By Sr. Siobhan O’Keefe SHJM Ireland 20.09.2023
Editor’s Note: Sr. Siobhan is a frequent visitor to our Motherhouse in Ireland to visit her aunt, Sr. Nuala Horgan. She has her own website with reflections at https://www.sistersiobhan.org
As I reflect on the Gospel today, the story of the Good Samaritan, two true memories come to mind which reveal to me how social, economic, political and spiritual factors impact on our lives.
A few short years ago, when I was thirty and living in Dublin, I was the proud owner of a moped. This provided me with transport to work at St. Vincent’s Hospital. A cheap tank of petrol lasted forever. On a glorious August Bank Holiday Monday, I set off for work. Shortly afterward the heavens opened, and a deluge of rain fell on bone dry tarmac, a treacherous combination. As I entered a major roundabout, the bike skidded, and I was thrown off. Lying prostrate on the ground, unable to move, a car approached. Two doctors got out, examined me, and concerned that I may have broken my right leg, called an ambulance. It was embarrassing to arrive in A+E in my workplace and to have to relay what happened. However, I was treated with utmost courtesy and care. Fortunately, no major injury had occurred, and I was discharged later that day. Extensive rainbow bruising left me barely able to walk for several days, however, aware that had been saved from serious injury, I was grateful to be alive.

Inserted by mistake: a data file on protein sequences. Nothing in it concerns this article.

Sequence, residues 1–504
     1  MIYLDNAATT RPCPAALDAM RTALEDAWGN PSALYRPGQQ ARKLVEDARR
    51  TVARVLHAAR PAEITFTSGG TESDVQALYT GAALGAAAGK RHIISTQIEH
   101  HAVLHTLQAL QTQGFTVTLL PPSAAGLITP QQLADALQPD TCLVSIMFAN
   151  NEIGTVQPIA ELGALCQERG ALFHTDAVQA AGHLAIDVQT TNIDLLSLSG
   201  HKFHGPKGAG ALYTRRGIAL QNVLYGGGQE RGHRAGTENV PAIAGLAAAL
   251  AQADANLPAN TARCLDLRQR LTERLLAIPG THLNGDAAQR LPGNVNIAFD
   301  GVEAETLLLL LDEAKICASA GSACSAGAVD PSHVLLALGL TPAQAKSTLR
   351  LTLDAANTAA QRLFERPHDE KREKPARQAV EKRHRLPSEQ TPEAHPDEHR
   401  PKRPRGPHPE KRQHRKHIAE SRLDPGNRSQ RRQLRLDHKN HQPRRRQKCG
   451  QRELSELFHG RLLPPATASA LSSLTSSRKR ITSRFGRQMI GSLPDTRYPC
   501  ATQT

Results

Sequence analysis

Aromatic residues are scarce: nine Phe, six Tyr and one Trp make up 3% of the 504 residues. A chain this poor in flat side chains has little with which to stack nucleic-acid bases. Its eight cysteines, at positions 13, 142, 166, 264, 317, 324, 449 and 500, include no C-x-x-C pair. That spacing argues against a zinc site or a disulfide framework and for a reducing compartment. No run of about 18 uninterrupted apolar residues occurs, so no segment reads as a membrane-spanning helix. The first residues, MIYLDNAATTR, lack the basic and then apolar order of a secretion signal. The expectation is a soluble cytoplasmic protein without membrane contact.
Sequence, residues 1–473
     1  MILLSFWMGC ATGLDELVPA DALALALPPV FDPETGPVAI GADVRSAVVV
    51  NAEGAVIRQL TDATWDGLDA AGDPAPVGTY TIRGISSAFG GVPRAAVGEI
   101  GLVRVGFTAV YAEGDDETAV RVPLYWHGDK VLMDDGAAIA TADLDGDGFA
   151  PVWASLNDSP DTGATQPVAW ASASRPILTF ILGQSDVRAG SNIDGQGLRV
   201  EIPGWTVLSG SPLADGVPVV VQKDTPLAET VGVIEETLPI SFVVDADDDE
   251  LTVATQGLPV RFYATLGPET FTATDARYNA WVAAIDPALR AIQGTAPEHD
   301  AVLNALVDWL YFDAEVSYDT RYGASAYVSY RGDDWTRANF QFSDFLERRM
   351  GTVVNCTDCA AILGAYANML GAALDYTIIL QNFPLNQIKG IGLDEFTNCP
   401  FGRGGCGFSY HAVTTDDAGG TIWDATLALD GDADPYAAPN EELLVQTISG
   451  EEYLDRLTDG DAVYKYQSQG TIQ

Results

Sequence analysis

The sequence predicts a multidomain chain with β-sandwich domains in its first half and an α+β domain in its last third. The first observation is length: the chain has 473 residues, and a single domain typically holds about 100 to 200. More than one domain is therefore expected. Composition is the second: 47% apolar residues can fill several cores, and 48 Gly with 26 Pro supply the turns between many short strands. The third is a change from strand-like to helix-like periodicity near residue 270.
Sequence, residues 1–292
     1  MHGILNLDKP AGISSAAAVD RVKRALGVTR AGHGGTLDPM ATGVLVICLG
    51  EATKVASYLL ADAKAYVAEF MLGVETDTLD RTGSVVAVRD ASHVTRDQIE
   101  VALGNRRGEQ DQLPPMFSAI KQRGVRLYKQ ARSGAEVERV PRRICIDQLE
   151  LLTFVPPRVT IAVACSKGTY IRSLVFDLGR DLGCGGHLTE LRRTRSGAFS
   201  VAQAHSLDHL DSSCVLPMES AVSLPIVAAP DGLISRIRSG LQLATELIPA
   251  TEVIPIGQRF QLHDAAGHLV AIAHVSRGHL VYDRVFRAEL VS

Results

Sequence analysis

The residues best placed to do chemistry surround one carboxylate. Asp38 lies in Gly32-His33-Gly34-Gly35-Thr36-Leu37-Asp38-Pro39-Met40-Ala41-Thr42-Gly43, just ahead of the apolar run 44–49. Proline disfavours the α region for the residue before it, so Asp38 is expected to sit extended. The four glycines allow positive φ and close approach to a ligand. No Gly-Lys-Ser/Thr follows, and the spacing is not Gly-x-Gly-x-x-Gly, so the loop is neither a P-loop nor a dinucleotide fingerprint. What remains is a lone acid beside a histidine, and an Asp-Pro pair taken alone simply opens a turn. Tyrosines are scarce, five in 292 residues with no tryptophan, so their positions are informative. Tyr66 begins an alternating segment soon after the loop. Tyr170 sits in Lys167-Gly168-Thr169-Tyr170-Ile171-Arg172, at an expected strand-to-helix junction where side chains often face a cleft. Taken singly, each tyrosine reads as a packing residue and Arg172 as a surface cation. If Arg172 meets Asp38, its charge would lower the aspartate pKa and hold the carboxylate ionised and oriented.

Many years later, I arrived at the scene of an accident in London. A young non-national Pizza Delivery Man had been knocked off his L plate motorbike. He spoke no English and was clearly distressed. I attempted to comfort him as I awaited the ambulance which arrived very quickly. When the paramedics assessed him and recommended hospital admission, he was determined not to go, rose and stumbled away. I suspected that he may have been an undocumented worker and was afraid of either losing his job or being extradited. My heart ached for this good man as he suffered physically, psychologically, and socially.
Each year we celebrate Seafaring Sunday in July; we are aware that as we sail the seas of life, we meet many who are bruised and broken by its choppy waters. Some suffer great physical pain, others a dark cloud of sadness, grief of loss rob life of joy. Economic hardship and political turmoil ravage world peace. Onto these waters, Jesus our Saviour pours His oil of anointing and the wine of hope on the wounds of the world. He asks that we place our hands into his crucified and glorified hands so that fortified by his grace, we are more able to reach out a hand of friendship to all who suffer. God is glorified in the upbuilding of his kingdom on earth.